GUY TILLIS ON CAMERA: No, not at all. This was a good time to tighten the ropes up on the rope bed. Back then, they called that process straining the cords. It was a job for a nine or ten year old boy. Rope beds are pretty basic in principle, and to tie the ropes up, you use a device called a turn key or the rope wrench. Not every household had one of these. In fact, if you wanted to use yours, you had to go from neighbor to neighbor to locate it, because you were constantly loaning it out. But it was very easy to operate. You just went down to the first loop from the knot, sliding the rope into the slot and turning it as tight as you could. And then, to get it even tighter, you put it behind your leg, and then insert a peg in that hole along with the rope. And that makes it good and tight. You do the same thing at the opposite end using another peg. And once you get this peg in, you can take that peg out, and just repeating the process till you got to the last hole. And then you just re-knot the rope. And that's where we get the old expression ...
BURT WOLF ON CAMERA: Sleep tight.
GUY TILLIS ON CAMERA: That's right.
BURT WOLF ON CAMERA: And don't let the bedbugs bite.
GUY TILLIS ON CAMERA: You got it.
BURT WOLF ON CAMERA: You learn something new every day.
GUY TILLIS ON CAMERA: And then they put the mattress right back on the bed.
BURT WOLF ON CAMERA: I would hope so.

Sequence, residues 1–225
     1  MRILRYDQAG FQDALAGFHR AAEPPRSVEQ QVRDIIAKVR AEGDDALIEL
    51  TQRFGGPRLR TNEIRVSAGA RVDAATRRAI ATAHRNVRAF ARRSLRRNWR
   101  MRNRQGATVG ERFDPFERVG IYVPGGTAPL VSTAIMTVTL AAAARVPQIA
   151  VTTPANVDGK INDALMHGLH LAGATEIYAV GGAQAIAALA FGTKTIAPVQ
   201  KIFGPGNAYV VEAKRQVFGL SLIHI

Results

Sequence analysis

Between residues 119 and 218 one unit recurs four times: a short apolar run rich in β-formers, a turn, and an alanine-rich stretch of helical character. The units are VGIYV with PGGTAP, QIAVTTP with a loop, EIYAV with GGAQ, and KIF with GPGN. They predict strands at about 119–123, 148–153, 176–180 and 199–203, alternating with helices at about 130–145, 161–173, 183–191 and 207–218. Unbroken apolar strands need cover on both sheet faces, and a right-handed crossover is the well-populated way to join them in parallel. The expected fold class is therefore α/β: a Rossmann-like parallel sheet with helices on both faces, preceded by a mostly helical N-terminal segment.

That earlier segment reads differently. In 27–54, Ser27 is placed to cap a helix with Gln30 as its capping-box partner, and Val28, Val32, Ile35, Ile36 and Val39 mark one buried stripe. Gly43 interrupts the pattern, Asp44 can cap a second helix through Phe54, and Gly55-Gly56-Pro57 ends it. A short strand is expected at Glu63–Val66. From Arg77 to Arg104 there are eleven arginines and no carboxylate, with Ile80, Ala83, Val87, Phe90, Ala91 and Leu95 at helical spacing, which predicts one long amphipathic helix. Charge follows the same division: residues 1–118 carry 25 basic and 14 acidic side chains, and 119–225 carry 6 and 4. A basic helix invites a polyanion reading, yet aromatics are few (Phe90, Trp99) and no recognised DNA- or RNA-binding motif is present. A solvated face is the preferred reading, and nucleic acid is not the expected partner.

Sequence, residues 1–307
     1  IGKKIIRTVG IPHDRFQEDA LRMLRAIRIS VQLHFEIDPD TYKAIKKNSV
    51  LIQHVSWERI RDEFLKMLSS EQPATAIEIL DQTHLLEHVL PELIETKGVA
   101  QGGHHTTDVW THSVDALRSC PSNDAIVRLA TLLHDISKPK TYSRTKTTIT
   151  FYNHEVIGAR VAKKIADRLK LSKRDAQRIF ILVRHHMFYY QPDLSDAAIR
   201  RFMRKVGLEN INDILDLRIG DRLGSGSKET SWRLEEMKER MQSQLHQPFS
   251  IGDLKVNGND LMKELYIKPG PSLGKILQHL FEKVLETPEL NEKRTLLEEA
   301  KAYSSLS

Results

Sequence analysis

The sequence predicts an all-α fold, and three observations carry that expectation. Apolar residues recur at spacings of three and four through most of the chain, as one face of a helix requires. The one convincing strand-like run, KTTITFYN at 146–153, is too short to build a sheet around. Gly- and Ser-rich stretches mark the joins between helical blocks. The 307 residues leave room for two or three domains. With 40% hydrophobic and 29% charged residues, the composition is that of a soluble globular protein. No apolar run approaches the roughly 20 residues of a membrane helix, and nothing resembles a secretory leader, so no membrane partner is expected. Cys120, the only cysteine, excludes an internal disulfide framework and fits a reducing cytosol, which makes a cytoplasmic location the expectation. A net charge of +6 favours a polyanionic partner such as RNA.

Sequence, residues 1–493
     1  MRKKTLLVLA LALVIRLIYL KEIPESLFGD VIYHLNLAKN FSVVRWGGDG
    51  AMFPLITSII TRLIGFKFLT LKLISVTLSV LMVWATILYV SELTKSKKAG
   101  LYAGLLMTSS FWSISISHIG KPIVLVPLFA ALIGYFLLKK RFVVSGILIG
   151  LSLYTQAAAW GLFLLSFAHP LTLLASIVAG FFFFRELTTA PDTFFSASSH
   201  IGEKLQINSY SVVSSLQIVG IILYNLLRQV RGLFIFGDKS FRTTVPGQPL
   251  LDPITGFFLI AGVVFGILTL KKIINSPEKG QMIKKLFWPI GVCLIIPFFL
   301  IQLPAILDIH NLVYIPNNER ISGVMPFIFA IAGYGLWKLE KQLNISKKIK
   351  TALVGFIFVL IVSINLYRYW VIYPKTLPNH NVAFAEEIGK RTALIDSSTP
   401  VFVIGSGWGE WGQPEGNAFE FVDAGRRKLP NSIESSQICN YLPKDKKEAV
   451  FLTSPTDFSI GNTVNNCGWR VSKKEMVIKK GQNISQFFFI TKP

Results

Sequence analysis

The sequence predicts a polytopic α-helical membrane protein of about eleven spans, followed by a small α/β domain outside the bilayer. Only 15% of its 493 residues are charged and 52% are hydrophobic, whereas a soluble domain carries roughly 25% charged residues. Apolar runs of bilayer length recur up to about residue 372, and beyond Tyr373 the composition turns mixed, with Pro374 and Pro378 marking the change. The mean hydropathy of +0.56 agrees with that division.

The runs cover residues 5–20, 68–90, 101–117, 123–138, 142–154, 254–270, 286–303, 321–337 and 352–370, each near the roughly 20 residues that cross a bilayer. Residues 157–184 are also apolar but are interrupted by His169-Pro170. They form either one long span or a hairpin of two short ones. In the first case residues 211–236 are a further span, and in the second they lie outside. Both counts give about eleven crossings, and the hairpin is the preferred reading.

In 1821, the very same year that the United States took over St. Augustine, a ship arrived from Cuba. And along with the passengers came a yellow fever epidemic. But it was a strangely selective epidemic which spared most of the locals.
Word spread that St. Augustine had a particularly healthful climate. By the end of the 1800s, families were coming down from the north to spend the winter in St. Augustine. They would stay for months hoping to avoid the illnesses associated with cold weather and regain the strength of their youth. Three hundred years after Juan Ponce De Leon came to St. Augustine and ended up discountin' the fountain, it was going on all over again.
While I was in St. Augustine, I stayed at the Casa Monica Hotel, which has been listed on the National Registry of Historic Places. The building is in the Moorish revival style, and it feels like Lawrence of Arabia might check in at any moment. Those towers contain magnificent two and three story suites. There's also a nice pool, a great bar, excellent restaurant and a feeling of late 19th century elegance. They even have a period automobile to take guests around town.
BURT WOLF ON CAMERA: The Casa Monica was originally opened in 1888 by Franklin Smith, who was the founder of the YMCA. St. Augustine was known as the Newport of the south, and the rich and infamous were coming down by the car load. The Rockefellers, the Carnegies, the Dupont’s, all that pre-dot.com money. Well, Henry, Andrew and John D. are no longer around, and the dots are looking a little blurry. But it's still a great place to hang out, and quite classy.
Tonight, the local Chaines des Rotisseurs is holding in a dinner in the hotel's restaurant. It's a great honor for the restaurants and its chefs. The Chaines began in the 1200s as a guild of roasters. Today, it's more like a social club interested in getting together and eating and drinking the best food in the neighborhood. Chef Nyfeler prepared a nine course tasting menu using Florida’s gastronomic history for his inspiration.
When the Spanish explorers arrived in the new world, they discovered dozens of foods that were completely new to them, one of which was the tomato. Tomatoes were originally cultivated by the ancient Aztecs and Incas, and they'd been around for at least a thousand years before the European explorers began eating them.